5. Count your blessings
GBP Sterling coins come in different shapes and sizes, and apparently their values are not assigned accordingly. Losing a coin is synonymous to dropping a generous bag of Cadbury chocolate and we don’t fancy that a bit.
6. Memorise your postal address
Your address is your identity, so be familiar with it. Post codes usually come on a pair of letter and number combinations which you will need in almost all legal transactions you’ll make in the city. Far from the landmark-based school-of-direction-giving in the Philippines, it is more convenient to use these codes; you will land in the right place no matter what.
7. Know your left and right
London’s driver seat is on the right side of the car as opposed to what we have locally, which is directly opposite the British’s sense of directions. When walking, always keep left and if there is a rail dividing walkways into two, use the left side. When standing on the escalator, always keep right as the left is courtesy to those who wants to fast-track. It is indeed so simple yet confusing. But if you pray to bump into your soulmate at the Tube station, you could always take the risk of going against the flow.
8. Take the bus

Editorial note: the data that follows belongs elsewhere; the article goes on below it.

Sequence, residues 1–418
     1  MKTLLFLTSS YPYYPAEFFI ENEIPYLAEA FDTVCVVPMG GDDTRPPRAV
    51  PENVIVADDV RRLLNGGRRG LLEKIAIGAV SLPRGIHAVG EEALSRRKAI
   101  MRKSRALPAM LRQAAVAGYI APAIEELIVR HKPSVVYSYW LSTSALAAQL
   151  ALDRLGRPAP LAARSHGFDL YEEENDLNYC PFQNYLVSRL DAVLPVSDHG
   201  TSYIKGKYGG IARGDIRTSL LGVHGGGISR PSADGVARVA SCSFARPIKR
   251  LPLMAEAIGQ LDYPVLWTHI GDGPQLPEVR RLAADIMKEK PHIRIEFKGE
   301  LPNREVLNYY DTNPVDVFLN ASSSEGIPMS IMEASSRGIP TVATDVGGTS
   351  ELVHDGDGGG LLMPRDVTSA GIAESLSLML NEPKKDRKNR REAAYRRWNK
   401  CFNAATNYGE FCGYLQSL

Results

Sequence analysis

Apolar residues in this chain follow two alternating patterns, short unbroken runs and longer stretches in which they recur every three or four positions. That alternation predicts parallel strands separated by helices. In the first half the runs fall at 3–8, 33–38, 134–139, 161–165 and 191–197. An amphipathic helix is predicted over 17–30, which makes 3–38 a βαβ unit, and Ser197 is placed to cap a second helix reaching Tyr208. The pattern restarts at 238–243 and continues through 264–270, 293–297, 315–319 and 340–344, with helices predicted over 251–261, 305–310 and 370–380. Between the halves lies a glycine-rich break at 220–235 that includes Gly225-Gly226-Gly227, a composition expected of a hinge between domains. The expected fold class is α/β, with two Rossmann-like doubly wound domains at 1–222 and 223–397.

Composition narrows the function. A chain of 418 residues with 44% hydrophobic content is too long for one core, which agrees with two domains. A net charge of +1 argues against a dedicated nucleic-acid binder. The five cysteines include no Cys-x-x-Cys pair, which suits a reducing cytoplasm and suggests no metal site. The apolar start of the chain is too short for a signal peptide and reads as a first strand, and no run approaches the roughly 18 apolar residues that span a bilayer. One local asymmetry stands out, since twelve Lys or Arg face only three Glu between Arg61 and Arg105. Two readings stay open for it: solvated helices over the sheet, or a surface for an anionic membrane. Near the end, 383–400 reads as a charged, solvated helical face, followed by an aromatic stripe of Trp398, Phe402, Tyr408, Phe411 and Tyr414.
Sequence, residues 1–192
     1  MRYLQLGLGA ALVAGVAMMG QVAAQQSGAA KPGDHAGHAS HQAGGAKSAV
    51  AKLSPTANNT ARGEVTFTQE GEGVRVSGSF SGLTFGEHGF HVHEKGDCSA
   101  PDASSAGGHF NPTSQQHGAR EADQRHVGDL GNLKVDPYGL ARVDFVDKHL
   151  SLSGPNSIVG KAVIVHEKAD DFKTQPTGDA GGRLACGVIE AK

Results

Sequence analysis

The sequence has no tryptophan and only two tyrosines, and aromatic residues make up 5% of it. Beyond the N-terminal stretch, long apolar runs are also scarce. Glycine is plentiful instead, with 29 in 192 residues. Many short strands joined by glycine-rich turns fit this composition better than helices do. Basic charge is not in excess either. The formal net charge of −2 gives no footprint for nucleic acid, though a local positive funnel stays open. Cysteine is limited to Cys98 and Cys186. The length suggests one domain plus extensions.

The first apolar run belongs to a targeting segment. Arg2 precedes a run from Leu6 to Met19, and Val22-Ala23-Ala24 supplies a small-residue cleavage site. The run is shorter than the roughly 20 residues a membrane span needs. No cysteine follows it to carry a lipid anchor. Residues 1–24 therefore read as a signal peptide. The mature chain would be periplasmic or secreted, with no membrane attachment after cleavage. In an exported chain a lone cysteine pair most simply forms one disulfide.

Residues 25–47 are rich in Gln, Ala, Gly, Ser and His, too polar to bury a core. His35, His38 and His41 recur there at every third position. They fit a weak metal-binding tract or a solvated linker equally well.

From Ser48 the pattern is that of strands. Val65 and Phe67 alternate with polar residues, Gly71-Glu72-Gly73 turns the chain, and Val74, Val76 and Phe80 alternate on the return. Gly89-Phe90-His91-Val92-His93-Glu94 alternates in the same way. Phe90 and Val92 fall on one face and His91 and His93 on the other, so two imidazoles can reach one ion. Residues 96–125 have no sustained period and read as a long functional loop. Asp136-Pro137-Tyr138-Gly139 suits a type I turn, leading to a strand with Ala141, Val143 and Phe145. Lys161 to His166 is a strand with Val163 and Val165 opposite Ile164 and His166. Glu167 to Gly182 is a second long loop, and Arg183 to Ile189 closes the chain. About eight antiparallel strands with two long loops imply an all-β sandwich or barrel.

I recommend that you take the bus on your first few weeks so you can create a visual map of your new urban landscape. Although at most times the Underground is often faster, taking the bus is sometimes cheaper plus you get a nice dose of sunshine if you get to chance upon Mr. Sunny.
9. Open a bank account
Almost all the stores transact with debit cards so it is ideal to settle this as early as possible.
Not only is it safer but it is literally more convenient for the pocket. Sometimes applying for one is tricky as banks have their respective regulations and some of them require more documents or prior appointments. It is always safe to make a call, research online, or go to the bank directly. But as soon as you manage to pull this through on your own, you’ll feel you’ve advanced a step into the fast-paced adult world. It is rewarding, believe me.
10. Be brave, get lost